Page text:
Living together. Living better.

The Bürgergeld is a new social policy designed by the German government to curb the rising of unemployment. It is a sum of money destined to those who don’t have a job and are at risk of being marginalized. This new form of citizenship income will replace the previous Hartz IV (which was divided into Arbeitslosengeldes II and Sozialgeld), also a social reform dating back to 2004. The new decree, which for the time being is only a bill and will become law on 1 January 2023, provides for an increase of the minimum wage by 22% (from EUR 449 to EUR 502 for single persons). To apply, you have to contact the Jobcentre of the municipality to which you belong. The form to fill in can be found on the web page Bürgergeld Antrag.

In order to facilitate the reintegration into the working world, new clauses have been included that allow people to fully focus on career development. Hence the promotion of training for those who do not have the necessary expertise to be rehabilitated. For this purpose, a sum of EUR 150 is made available on a monthly basis for a so-called Weiterbildung, i.e. job training in a specific field in which one has previously received some form of education. A tax relief is also planned for secondary school and university students, as well as for those doing an Ausbildung, i.e. job training.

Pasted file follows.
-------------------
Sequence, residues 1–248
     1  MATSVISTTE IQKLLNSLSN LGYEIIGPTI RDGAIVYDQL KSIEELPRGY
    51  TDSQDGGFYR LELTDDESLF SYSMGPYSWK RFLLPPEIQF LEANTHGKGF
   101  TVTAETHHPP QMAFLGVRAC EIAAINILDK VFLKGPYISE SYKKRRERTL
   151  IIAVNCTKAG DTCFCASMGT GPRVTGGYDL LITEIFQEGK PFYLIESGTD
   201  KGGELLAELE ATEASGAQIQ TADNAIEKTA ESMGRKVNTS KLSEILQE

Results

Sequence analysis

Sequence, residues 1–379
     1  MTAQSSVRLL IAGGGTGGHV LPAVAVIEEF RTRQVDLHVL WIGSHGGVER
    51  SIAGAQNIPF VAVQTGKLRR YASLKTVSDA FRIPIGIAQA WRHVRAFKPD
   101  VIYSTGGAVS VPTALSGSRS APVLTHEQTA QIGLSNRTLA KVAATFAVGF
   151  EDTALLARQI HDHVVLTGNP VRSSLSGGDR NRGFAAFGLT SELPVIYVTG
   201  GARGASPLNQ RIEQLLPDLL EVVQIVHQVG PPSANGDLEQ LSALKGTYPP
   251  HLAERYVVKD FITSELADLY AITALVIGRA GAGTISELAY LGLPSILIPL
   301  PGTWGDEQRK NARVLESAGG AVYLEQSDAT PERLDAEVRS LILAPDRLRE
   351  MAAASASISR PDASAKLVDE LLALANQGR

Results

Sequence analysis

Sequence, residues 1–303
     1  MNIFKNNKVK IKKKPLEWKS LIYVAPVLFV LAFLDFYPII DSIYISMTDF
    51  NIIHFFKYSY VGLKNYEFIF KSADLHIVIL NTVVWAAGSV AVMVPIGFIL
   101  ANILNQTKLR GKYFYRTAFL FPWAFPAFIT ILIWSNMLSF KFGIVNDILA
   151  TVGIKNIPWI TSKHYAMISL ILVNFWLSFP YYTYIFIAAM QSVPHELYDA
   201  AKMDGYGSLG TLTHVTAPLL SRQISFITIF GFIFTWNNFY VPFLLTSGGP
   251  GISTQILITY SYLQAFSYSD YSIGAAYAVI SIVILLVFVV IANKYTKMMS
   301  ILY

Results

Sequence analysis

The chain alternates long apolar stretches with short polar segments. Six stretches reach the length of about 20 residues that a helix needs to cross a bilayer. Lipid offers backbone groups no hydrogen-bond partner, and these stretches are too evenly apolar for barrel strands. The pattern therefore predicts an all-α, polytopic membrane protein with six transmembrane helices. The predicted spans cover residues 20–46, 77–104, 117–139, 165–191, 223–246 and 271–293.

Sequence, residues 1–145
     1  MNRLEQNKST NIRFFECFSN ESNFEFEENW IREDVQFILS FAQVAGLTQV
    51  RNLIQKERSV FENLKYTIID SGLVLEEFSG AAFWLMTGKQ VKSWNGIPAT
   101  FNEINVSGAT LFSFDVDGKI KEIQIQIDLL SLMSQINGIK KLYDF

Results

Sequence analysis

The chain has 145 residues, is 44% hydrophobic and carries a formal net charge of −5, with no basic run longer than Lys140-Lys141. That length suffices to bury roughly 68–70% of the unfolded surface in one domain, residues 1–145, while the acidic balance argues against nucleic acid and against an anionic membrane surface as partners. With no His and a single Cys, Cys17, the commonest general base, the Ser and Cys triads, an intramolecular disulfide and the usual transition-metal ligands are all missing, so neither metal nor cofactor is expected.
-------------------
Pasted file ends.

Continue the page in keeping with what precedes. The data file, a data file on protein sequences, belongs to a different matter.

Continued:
There are important changes compared to the old Hartz IV that it is important to emphasise. A time frame has been set that allows income recipients not to worry about suddenly losing their houses. In fact, a period of two years has been established in which the possibility of living in one’s own home will be guaranteed, no matter how much the costs increase. This time frame is applied in the same way in respect to capital possessions: assets (up to a maximum of 60,000 €) are not taken into account when calculating the income for individuals. Below you can find the properties that are not considered to assess citizenship income:

– Household contents

– Motor vehicles

– Contributions received through insurance forms (old age, disability pensions, etc.)

– Owned land of less than 140 square metres or an owned dwelling of up to 130 square metres. For each resident, the surface area increases by 20 metres

A long-standing and much criticised aspect of the Harz IV reform concerns the penalty regime, which is considered by many to be extremely rigid and not in line with the German constitution. In the Bürgergeld, the penalty system continues, but with variations. Penalties are imposed on anyone who fails to meet a deadline or misses an appointment, with the difference that a period of six months is granted in which all services are guaranteed, regardless of punctuality and consistency of the person using the service. Penalties amount to a maximum of 30% of the monthly income.

Although the Bürgergeld is considered the most ground-breaking social reform in recent years, it has been highly criticised. When interviewed, the Minister for Labour and Social Policy, Hubertus Heil, presents the reform primarily as an instrument of social welfare aimed at the outcasts of society, at those who don’t have the instruments to escape poverty and improve their status on their own. However, there are many sceptics who wonder whether this narrative is realistic: after all, the cost of living is soaring and the rising of unemployment benefits may not be enough for the poor to lead a life worth living.